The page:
Michigan has managed to assemble one of the most impressive 2014 recruiting classes in the country. Brady Hoke and his staff have assembled a group littered with elite players on both sides of the ball, but the Wolverines' recruiting momentum could fade if the team fails to recapture its winning ways on the field.
Hoke's squad compiled a 19-7 record during his first two seasons as head coach in Ann Arbor. Michigan entered the 2013 campaign viewed as a program on the rise, ranked No. 17 in the preseason AP Poll.
Long before the regular season began, the Wolverines shined on the recruiting trail.
5-star prospect Jabrill Peppers (Paramus, N.J.) committed to Michigan in May. 4-star standouts Bryan Mone (Salt Lake City, Utah), Drake Harris (Grand Rapids, Mich.) and Mason Cole (Tarpon Springs) were also among 11 players who committed to the Wolverines before the end of their junior years.
Michigan pieced together an outstanding class by the time the team kicked off its season on Aug. 31 against Central Michigan. The Wolverines overwhelmed opponents en route to a 5-0 record.
Issues have emerged in the past month, as the squad has struggled against conference opponents.
Michigan suffered its first loss in heartbreaking fashion, dropping a four-overtime thriller at Penn State. The Wolverines rebounded to beat Indiana but have proceeded to lose two consecutive contests.
The team managed just 19 total points in losses to Big Ten rivals Michigan State and Nebraska.
Despite a tumble from national rankings, Michigan has kept its recruiting class intact. The 16-player group currently ranks 10th in the country, according to 247Sports.
Still, the Wolverines are nearly three months away from national signing day, and, if you hadn't noticed, the modern recruiting spectrum is extremely fluid.
The term "commitment" doesn't appear to carry the same weight as it once did, and non-binding verbal pacts allow players to come and go as they please. Commits from programs across the county will spend official visit weekends on rival campuses in the coming weeks.
Opposing sales pitches become more poignant if a coach can point to offensive struggles or conference woes.
The task at hand for Hoke, aside from winning games, is to convince Michigan's current commits that Ann Arbor remains an ideal destination. All 16 Wolverine recruits committed prior to September, and teenagers tend to get antsy.
It's challenging to carry your early pledges to the finish line, especially when you're not winning. Michigan offers an outstanding education and top-tier facilities, but unfortunately, those kind of factors are occasionally lost in the shuffle during overwhelming nationwide recruitments.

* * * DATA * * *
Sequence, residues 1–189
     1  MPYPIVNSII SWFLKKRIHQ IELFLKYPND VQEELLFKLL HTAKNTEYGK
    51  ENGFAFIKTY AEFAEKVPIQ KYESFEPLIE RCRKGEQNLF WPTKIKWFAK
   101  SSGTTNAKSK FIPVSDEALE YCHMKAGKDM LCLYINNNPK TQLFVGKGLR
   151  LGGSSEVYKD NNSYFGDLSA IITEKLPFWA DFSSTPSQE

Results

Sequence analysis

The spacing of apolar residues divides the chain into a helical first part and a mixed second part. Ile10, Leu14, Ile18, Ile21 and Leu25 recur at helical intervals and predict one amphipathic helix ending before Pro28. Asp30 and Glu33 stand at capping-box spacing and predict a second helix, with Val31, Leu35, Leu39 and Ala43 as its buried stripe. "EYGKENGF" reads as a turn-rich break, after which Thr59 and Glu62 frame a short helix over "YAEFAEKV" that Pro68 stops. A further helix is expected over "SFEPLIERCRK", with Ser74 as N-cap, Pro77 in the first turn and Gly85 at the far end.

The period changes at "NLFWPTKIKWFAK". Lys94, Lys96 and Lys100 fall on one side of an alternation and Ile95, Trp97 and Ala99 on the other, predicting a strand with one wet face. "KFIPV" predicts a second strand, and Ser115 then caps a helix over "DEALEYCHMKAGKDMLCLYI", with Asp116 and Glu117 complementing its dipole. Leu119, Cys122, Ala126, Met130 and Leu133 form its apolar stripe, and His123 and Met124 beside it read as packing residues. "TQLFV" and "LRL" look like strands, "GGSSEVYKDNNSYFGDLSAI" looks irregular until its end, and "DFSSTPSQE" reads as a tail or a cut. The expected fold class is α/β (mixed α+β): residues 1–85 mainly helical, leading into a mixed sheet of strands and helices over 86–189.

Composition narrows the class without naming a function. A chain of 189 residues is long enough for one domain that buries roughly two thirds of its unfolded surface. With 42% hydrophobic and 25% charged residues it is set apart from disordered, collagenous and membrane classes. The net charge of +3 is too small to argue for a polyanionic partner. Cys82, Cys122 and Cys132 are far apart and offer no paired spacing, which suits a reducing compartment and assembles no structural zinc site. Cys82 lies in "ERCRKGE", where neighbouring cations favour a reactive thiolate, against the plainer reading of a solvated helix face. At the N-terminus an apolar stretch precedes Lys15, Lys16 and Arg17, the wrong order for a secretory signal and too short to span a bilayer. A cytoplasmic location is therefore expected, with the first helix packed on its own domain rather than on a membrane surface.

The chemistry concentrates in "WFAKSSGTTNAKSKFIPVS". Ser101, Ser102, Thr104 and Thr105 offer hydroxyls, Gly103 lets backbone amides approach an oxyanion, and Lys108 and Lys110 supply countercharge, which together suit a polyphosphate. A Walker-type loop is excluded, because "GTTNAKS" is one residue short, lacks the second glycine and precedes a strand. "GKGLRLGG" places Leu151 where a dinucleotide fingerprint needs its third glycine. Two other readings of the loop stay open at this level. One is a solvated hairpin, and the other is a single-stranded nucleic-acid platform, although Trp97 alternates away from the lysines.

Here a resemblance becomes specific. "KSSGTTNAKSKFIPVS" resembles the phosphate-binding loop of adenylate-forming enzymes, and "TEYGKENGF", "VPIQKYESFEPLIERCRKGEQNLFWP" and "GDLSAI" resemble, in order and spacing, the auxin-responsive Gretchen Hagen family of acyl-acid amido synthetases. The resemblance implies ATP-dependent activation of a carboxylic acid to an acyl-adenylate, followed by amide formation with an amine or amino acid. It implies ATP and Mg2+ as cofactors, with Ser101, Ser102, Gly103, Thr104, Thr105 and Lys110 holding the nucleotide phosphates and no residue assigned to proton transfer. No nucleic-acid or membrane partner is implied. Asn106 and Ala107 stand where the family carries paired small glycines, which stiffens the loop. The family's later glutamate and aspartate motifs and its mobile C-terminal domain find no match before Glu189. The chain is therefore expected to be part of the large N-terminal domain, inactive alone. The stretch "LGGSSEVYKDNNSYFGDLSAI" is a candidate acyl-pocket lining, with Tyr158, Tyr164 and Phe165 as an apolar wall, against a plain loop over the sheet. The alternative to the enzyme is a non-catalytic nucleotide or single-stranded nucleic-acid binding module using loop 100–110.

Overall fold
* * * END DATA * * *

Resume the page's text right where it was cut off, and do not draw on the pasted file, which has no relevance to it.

We're entering a prime period of the year for decommits. Guys read about uncommitted recruits who are busy traveling the country for lavish official visits and develop a mindset that they may be missing out on all the fun.
Columbus one weekend, Tallahassee the next, then it's off to Los Angeles, and so on.
Michigan isn't in grave danger of watching its recruiting class get ripped apart. Hoke has built a strong foundation with this group, and trust shouldn't be an issue, but the losses might be.
Image is an important part of any recruiting process, and the Wolverines' image has waned in recent weeks. Aside from picking up a phone to reassure recruits the program remains on a positive path, the most important thing Michigan coaches can do to aid recruiting efforts is to start adding to the win column.
Remember, Michigan isn't just trying to keep its current commits. The goal is stockpile more talent, which is why the Wolverines are in pursuit of top prospects like Da'Shawn Hand, Malik McDowell and John Smith.
An offer of early playing time is always key when recruiting premier players. Hoke can certainly use that card if he chooses in the case of Hand and McDowell, who each warrant consideration as All-American defensive ends.
Matchups at Northwestern and Iowa precede a pivotal regular-season finale against unbeaten Ohio State. How Michigan handles itself in these three matchups may make the difference between building a good recruiting class and a great one.
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